Title is........just always NULL.

    private is another field that should be a bit, but is always just NULL.

    Password_Enabled, Password_Clue, and Password, I'd love to see the code that uses these fields, but sadly, none exists. They are always....you guessed it, NULL.



  • Came here to see why EventTime was interesting, was disappointed...



  • @Ashley_Sheridan said:

    Came here to see why EventTime was interesting, was disappointed...

    +1



  • I never said that I would in the OP. :stuck_out_tongue_winking_eye:


    Anyways, EventTime gets the time field from multiple sources. So it's well formatted coming from the main running site, but from a bunch of places, you'll get things like "2pm", which doesn't work well for Python's strptime() method when it expects the minutes as well. Not only that, but we get "2", "10:69", "3ish", and "whenever you feel like it."

    So I try the best that I can to clean up the data, but there are some other interesting values, such as "\n2:00pm\n." I initially tried to remove the newline characters before realizing that it was a literal backslash and n couple of characters.

    Then came some literal values, what I assume were mostly of the format 10 o'clock. They're now "10 o\\'clock."

    So yeah, not a huge WTF, but a PITA to deal with.



  • @chubertdev said:

    EventTime is a text field. The source on the original site has a "timepicker" (three drop downs with hour, minute, and meridian), but since this database has data from multiple sources, it accepts anything. I'll explain why this is interesting in a bit.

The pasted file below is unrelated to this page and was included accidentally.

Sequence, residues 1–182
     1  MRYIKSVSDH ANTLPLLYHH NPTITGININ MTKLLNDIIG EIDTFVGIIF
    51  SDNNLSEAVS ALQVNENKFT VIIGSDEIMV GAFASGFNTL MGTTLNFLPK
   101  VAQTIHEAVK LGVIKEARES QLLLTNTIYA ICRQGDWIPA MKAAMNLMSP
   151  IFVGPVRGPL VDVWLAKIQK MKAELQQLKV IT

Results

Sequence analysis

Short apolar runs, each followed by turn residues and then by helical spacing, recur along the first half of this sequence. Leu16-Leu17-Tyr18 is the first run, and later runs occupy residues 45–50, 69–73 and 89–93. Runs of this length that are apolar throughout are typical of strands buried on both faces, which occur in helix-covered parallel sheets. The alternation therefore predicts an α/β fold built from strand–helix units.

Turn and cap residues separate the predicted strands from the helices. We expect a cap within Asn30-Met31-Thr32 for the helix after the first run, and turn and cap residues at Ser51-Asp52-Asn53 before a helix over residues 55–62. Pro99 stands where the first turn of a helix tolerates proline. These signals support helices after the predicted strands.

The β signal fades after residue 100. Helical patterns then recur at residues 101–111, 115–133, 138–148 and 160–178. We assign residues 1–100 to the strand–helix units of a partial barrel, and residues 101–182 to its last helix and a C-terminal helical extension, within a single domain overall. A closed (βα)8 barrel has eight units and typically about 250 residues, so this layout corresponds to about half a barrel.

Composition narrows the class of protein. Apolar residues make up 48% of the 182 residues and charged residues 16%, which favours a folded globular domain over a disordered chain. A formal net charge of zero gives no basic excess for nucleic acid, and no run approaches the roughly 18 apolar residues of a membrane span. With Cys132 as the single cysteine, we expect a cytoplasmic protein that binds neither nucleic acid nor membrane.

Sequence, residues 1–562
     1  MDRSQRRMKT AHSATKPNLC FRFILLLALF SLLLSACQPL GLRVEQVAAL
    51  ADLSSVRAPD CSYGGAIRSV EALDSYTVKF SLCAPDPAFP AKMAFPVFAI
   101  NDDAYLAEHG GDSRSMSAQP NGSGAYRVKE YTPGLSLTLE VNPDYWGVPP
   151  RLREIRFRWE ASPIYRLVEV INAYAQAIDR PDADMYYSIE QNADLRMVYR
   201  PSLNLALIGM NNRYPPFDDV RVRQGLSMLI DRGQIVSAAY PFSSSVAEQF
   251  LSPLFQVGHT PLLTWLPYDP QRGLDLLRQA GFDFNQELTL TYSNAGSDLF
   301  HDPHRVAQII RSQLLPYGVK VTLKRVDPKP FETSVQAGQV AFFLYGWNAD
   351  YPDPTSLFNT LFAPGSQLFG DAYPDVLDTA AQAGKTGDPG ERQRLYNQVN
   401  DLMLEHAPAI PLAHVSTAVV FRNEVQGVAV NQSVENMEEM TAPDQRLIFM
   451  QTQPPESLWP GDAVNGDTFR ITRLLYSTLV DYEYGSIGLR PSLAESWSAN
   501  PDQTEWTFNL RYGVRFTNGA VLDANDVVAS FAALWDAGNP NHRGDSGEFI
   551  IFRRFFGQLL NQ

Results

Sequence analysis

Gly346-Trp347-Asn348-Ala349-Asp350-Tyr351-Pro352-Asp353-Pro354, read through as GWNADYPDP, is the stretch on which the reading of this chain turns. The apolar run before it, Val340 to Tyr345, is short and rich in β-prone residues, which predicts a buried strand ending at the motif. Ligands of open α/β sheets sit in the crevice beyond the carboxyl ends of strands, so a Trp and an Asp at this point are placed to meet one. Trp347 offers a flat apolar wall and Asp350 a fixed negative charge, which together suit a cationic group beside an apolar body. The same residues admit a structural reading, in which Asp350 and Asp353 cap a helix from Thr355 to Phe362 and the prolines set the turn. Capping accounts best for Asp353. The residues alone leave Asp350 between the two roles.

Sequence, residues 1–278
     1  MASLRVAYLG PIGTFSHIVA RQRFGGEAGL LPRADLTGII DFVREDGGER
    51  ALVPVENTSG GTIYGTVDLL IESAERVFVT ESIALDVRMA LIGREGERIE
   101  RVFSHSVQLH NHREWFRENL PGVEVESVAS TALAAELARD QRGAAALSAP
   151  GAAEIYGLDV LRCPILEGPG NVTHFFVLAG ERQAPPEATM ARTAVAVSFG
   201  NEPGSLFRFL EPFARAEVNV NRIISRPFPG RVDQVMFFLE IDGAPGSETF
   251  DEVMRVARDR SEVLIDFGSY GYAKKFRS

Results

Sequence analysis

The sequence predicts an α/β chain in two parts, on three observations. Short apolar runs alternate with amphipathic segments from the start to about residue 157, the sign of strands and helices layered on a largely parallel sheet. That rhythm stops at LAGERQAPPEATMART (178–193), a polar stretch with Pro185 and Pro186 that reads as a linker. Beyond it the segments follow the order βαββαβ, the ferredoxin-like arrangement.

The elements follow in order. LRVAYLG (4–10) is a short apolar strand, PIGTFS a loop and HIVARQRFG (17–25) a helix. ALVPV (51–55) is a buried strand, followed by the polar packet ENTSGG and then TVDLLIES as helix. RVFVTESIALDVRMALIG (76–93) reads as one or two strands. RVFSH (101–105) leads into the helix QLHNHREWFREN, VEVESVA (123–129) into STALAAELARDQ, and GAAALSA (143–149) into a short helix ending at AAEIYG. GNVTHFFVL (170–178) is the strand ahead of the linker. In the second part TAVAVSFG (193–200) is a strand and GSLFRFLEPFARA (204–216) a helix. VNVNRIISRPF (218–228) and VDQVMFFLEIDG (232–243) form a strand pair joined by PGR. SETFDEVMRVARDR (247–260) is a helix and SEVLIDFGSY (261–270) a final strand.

But... but you didn't!

    *edge of seat*


  • Discourse touched me in a no-no place

    @chubertdev said:

    They're now "10 o\'clock."

    I saw some site once that oversanitized like that. Every place you'd see a single quote it would have 4-8 backslashes in front of it.

    Also Discourse ate one of them in the quote and I didn't feel up to putting it back, but here's an extra: \.



  • @chubertdev said:

    Notice how it's a DATETIME. It only holds the date.

    I once supported a DB that recorded the datetime using 2 datetime columns. The one that held the date had the time set to 00:00:00.000 and the one that held the time had the date set to 01/01/1753.


    Filed Under: [Confused? You will be...][1]


  • Have a sympathy like.



  • @FrostCat said:

    I saw some site once that oversanitized like that. Every place you'd see a single quote it would have 4-8 backslashes in front of it.

    I swear there was a front page article about that. Can't find it just now...



  • @RTapeLoadingError said:

    I once supported a DB that recorded the datetime using 2 datetime columns. The one that held the date had the time set to 00:00:00.000 and the one that held the time had the date set to 01/01/1753.

    <HR>
    Filed Under: Confused? You will be...

    What a Gregorian egregious mistake.